2019 End-of-Year “Outcast Media” Roundtable — Part Two: Offensive MVP

As part of our wrap up of the 2019 season, we asked several members of the FC Dallas media to join us for a 6-part roundtable series. 

Joining us for part two of the roundtable will be Dan Crooke and Buzz Carrick from 3rd Degree, Peter Welpton from The Kickaround, Dustin Nation from the Dallas Soccer Show, and Tyler Kern from ESPN Soccer Today.  Two new media members join us for this discussion: Nico Mendez, who is joining 3rd Degree as a writer, and John Lenard who is already with us at 3rd Degree.

Our second topic for discussion is “Offensive MVP.”

Dan Crooke – Writer 3rd Degree & MLSSoccer.com

Michael Barrios

We’ve been treated to a couple of solid contenders with Paxton Pomykal in the early stages of the season and Jesus Ferreira clicking at the 10-spot over the past couple of months, but it has to be Michael Barrios for me.

The Colombian has been consistent over several years, let alone a season. He finished third in the league in assists and equaled a team record. If you take off hockey assists he led MLS with 13. A quarter of FC Dallas’ goals have been created by him, another 10% scored by him, and he’s been the constant threat that teams have to prepare for which tends to leave others open. His 89 key passes put him eighth in the league, six of the seven players ahead of him each make over $2m per year, it also puts him 16 key passes ahead of the next two FC Dallas players (Pomykal and Ferreira) combined.

The offense simply doesn’t work without Barrios.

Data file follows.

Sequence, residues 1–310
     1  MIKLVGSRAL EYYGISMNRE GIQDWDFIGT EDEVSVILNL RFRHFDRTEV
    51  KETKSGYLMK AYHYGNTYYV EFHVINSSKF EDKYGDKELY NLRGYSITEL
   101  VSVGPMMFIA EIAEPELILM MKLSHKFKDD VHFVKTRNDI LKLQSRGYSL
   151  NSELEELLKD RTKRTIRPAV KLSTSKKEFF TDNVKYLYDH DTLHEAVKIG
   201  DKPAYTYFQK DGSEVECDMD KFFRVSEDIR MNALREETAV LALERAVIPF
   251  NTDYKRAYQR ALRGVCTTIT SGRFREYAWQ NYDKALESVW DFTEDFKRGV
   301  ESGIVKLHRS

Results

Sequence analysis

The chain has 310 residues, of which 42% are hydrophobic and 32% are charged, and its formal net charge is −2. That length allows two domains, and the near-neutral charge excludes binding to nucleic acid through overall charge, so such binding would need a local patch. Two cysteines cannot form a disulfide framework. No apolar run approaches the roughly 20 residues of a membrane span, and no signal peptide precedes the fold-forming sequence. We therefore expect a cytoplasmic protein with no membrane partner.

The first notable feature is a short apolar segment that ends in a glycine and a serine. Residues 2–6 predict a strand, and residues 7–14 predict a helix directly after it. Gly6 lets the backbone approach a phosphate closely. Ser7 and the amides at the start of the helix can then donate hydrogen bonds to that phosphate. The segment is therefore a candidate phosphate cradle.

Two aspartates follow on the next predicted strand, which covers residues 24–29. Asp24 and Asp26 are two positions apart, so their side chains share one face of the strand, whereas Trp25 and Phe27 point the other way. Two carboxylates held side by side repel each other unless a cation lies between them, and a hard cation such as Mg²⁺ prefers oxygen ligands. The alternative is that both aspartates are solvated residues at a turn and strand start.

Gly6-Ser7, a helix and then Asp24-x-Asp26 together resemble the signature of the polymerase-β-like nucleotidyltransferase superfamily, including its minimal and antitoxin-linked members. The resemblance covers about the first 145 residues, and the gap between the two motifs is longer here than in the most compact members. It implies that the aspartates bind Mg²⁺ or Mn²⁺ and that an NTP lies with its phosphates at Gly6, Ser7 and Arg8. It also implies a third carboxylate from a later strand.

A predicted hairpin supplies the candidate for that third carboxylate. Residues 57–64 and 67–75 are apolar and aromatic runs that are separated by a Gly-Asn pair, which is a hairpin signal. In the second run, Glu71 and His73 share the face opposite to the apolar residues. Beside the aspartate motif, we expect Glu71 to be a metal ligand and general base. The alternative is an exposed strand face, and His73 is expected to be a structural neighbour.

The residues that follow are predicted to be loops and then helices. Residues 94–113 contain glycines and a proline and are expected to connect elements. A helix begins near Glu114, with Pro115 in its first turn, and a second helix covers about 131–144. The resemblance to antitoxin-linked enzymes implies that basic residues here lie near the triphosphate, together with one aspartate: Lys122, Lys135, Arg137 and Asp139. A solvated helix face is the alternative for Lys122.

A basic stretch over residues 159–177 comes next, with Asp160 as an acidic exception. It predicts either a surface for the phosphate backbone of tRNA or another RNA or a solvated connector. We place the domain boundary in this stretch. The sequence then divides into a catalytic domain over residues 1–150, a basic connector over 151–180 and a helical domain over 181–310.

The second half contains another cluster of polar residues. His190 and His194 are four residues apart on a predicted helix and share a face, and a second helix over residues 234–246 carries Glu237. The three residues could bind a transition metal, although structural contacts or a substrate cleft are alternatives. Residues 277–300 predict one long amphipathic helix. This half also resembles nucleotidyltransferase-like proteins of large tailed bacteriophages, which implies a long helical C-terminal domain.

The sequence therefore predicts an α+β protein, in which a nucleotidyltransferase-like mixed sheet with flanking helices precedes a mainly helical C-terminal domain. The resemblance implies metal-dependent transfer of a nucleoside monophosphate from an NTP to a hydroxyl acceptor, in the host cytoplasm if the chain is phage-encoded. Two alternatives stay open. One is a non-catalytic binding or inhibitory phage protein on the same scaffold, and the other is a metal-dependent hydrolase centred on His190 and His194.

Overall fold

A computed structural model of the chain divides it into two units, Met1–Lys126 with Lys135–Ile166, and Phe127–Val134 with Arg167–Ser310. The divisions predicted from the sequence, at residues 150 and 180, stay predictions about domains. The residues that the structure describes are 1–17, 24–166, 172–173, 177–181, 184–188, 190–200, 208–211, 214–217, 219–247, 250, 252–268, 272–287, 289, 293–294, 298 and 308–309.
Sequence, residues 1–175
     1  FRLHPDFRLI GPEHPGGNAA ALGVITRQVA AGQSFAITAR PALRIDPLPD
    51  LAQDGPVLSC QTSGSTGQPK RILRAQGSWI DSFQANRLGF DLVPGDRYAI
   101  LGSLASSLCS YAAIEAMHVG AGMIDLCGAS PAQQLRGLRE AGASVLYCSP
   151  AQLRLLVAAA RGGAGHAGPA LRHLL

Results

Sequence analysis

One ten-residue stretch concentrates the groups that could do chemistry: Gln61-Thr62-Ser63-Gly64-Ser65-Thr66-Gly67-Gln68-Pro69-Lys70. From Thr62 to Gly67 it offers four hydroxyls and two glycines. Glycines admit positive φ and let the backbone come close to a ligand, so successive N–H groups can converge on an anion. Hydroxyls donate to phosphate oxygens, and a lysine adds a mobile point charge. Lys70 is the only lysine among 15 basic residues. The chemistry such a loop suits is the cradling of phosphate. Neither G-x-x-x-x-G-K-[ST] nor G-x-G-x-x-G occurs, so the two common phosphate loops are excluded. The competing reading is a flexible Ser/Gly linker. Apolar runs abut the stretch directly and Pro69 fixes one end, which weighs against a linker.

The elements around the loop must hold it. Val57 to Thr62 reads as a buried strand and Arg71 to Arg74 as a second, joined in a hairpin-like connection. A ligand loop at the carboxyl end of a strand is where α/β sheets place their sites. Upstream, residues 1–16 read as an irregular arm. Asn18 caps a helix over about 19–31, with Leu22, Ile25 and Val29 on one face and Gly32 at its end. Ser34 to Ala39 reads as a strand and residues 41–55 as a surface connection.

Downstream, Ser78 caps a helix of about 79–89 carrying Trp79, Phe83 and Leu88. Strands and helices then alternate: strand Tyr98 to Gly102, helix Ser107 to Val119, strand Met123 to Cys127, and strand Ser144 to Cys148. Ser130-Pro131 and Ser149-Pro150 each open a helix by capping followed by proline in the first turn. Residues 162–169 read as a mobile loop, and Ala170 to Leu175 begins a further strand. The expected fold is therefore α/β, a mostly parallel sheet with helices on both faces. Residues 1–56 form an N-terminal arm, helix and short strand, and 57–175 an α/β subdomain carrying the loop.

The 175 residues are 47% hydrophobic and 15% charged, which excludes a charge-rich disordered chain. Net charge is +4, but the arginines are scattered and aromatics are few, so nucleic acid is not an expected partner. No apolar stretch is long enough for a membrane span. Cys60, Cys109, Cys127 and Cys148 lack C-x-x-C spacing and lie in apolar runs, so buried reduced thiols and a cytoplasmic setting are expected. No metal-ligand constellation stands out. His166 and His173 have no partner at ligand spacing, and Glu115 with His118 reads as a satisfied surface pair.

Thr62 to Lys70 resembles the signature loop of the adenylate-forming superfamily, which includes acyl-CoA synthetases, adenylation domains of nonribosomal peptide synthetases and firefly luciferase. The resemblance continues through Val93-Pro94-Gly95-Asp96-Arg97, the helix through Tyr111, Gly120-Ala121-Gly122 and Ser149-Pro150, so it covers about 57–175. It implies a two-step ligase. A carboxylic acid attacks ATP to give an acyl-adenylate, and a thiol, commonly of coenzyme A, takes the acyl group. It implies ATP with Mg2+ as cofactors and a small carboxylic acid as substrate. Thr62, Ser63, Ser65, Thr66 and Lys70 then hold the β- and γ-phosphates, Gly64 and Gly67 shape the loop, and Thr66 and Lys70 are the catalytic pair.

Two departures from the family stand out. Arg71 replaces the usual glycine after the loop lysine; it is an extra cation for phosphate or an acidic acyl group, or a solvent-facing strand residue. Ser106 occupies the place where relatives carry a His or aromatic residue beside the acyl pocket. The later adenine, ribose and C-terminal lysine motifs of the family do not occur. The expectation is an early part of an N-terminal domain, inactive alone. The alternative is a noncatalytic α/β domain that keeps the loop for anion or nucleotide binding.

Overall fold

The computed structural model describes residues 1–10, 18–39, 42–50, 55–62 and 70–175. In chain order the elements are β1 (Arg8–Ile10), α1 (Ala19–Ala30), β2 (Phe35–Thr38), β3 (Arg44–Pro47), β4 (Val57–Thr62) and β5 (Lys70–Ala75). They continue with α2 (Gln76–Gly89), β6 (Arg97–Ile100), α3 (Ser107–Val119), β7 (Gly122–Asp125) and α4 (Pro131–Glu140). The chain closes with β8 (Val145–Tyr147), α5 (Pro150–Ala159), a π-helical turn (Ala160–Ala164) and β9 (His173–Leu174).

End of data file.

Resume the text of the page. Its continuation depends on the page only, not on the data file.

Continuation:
Dustin Nation – Co-Host, Dallas Soccer Show

Michael Barrios.

Much attention was given to likable newcomer, Zdenek Ondrasek, who made his own case for offensive MVP with his almost single-handed dragging of FCD into the final playoff spot after breaking into the first team against Montreal.

However, over the entire season, Michael Barrios kept the team in games that they didn’t deserve to be in. While the team struggled to find the balance between offense and defense, he was one of the only consistent offensive bright spots. He quietly racked up 15 regular-season assists, besting his 2017 total of 14, and equaling Jason Kreis’ assist total in the 1999 campaign. He even added another in the post-season, just for good measure. Barrios’ contributions to the FC Dallas offense in 2019 were invaluable.

Peter Welpton – Co-Host, The Kickaround

Santiago Mosquera

This category feels a lot like, “Coldest Ice Cube” from an ice tray that’s been sitting out all day.

Here, let’s compromise and name an “Offensive MVP” for 2019, but using a different denotation for offensive: Mosquera – a player who’s done nothing of note all season. Is he unlucky with injuries, or is he just that type of player who refuses to play through pain? When he is on the field, can anyone explain what his strengths are? Playing the position of most need, and in many ways, the attack’s most broken piece – 2019 was poised for Santiago to shine, instead of ending behind two defenders in goals scored and not even top five in assists. After two seasons and 59 appearances, Mosquera has failed to register even 10 goals or assists.

In the spirit of not being a total jerk, obviously the coldest cube for the FCD ice tray is Barrios.

Santiago Mosquera vs Sporting KC
Santiago Mosquera celebrates vs Sporting KC on October 6, 2019, at Toyota Stadium in Frisco, Texas. (Matt Visinsky, 3rd Degree)

Tyler Kern – Co-Host, ESPN Soccer Today

Michael Barrios